Research Grants Awarded
Control of mammary epithelial hyperplasia and malignant progression by p21-activated kinase 1 (PAK1)
Tumor Cell Biology II
Background: Despite earlier diagnoses and improved treatment, breast carcinoma remains the second largest cause of female cancer deaths. Most breast malignancies are ductal carcinomas and thus represent derangements of the normal glandular structure of the breast. Since superfluous epithelial cells normally undergo a form of programmed-cell-death termed anoikis, loss of anoikis may be a primary factor in the initiating stages of breast cancer. Another critical element in breast cancer is increased and inappropriate expression and activation of specific proteases. Protease deregulation is important for metastasis, by facilitating invasion, but it is also vital for the development of breast cancer. The cysteine protease cathepsin B, for example, participates in the formation of premalignant lesions, in angiogenesis, and in the growth control of primary and metastatic tumors. Recent data have strongly implicated p21-activated kinase 1 (PAK1) in human breast cancer, where it is often over-expressed. Expression of a constitutively-activated PAK1, or over-expression of wild-type PAK1 in the presence of serum stimulation, is sufficient to suppress anoikis in breast epithelial cells. Objective, Hypothesis and Aims: The long-range goal of our work is to understand how critical events in early stage breast cancer and its malignant progression can be successfully exploited in improved strategies for prevention and treatment. The objective of this proposal is to determine the role of PAK1 in breast cancer. We will test our hypothesis that PAK1 is a key coordinator of both the suppression of anoikis and of the aberrant proteolysis that are characteristic of breast cancer progression through the following specific aims: 1. Determine the role of PAK1 activation in the proliferation and survival of MCF10A cells in 3-d culture. 2. Determine the role of PAK1 in the hyperplastic growth and survival of the MCF10A breast cancer progression model. 3. Define the role of PAK1 activation in the altered expression, subcellular localization, and activity of cathepsin B. Study Design: The hypothesis will be tested through experiments performed in 3-d cultures of the MCF10A-derived human breast cancer progression series. MCF10A is a spontaneously immortalized human breast epithelial cell line that retains many normal characteristics, including producing a luminal, acinar morphology in 3-d culture, and does not form tumors in mouse xenografts. The lines NeoT, AT-1, and DCIS represent a progression series from MCF10A cells that are defined by increasing tumor formation and malignancy. We will use retroviruses to manipulate PAK1 expression and activity. Our assays will be primarily based on functional imaging technology, supported by other techniques, such as western blotting, where appropriate. We will assay cell proliferation and survival, cell polarity and differentiation, and extracellular, cell surface and intracellular proteolysis by cathepsin B. Potential outcomes: This work will develop a useful model of human breast cancer that will be of further benefit to the research community in future studies. Protein kinases are being validated as pharmacological targets in many human diseases and there is intense effort to identify selective PAK1 inhibitors that are safe and effective. Successful completion of this project would be a step towards validating PAK1 as a therapeutic target for breast cancer.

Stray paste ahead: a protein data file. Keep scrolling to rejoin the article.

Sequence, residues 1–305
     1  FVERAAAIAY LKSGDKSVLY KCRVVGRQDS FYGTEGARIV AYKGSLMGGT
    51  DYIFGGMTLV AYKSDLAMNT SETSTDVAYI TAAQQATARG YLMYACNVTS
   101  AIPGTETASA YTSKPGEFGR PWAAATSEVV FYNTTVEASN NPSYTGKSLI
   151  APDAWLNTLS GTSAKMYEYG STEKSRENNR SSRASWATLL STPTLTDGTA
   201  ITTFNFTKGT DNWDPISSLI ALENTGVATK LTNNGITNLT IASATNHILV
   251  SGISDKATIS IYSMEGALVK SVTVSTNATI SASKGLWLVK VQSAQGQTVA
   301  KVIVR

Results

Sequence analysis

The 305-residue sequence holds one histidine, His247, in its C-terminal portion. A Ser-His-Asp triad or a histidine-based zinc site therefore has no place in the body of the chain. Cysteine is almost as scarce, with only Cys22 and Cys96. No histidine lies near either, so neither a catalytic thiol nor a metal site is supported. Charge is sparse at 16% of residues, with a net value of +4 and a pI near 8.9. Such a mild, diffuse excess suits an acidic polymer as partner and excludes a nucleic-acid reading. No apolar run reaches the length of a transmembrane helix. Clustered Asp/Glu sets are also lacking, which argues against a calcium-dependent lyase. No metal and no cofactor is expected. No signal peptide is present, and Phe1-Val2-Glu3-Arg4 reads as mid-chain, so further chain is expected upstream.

We need to understand the very early events in breast cancer, as it is presumably at that stage that we will be most effective at curing, and potentially even preventing, the disease. We also need to understand the critical factors in the malignant progression of breast cancer, because it is the later stage, invasive disease that spreads to other tissues of the body (i.e. metastasis) that is the cause of most mortality. Cancer is a disease where one cell type proliferates and divides to such an extent that it imposes an unsupportable burden on the body. Recently we have come to realize that any extra cells that are produced by proliferation should automatically undergo a form of cellular suicide known as programmed-cell-death. We now think that this normal process of thinning out the population of cells in the glands of the breast is a fundamental mechanism that guards against cancer. Thus loss of this normal safeguard mechanism of cellular suicide is a primary factor in the initiating stages of breast cancer. Another critical element in breast cancer is increased and inappropriate destruction of proteins. It is impossible to study these events in women, and studies in animals may be limited by species differences. In order to characterize the factors that determine protein destruction and resistance of human breast cancer to cellular suicide we propose, therefore, to grow human mammary cells in an advanced three-dimensional matrix that models the physiological and pathological conditions of early breast cancer. Recent data have identified a protein kinase called p21-activated kinase 1 (PAK1) as able to supply a powerful and aberrant survival signal to breast cells. We propose that in addition to this cell survival function of PAK1, it is also a strong candidate to coordinate growth with inappropriate protein destruction, which is another hallmark of the malignant progression of breast cancer to metastatic disease. We will use genetically engineered retroviruses to manipulate PAK1 activity in three-dimensional cultures. We will use state-of-the-art functional probes to reveal cell proliferation and survival plus the course of protein destruction. The long-range goal of our work is to understand how critical events in early stage and malignant breast cancer can be successfully exploited in new strategies for effective prevention and therapy. The objective of this proposal is to determine the role of PAK1 in breast cancer through study of 3-d cultures of human mammary cells. We believe that these studies will develop a useful model of human breast cancer that will benefit the research community in future studies as well. The rationale for our proposed studies is that identification of these critical events will provide innovative pharmacological approaches to the prevention and treatment of breast cancer. Once a new therapeutic is identified then there is often a considerable delay before clinical trials can be started. In the case of PAK1, however, there is great current effort in both academic laboratories and in pharmaceutical companies to identify selective inhibitors that are safe and effective. Since such inhibitors have been found for many other protein kinases, it is reasonable to assume that if the hypothesis of this grant is validated, then initial clinical trails could be expected within five years.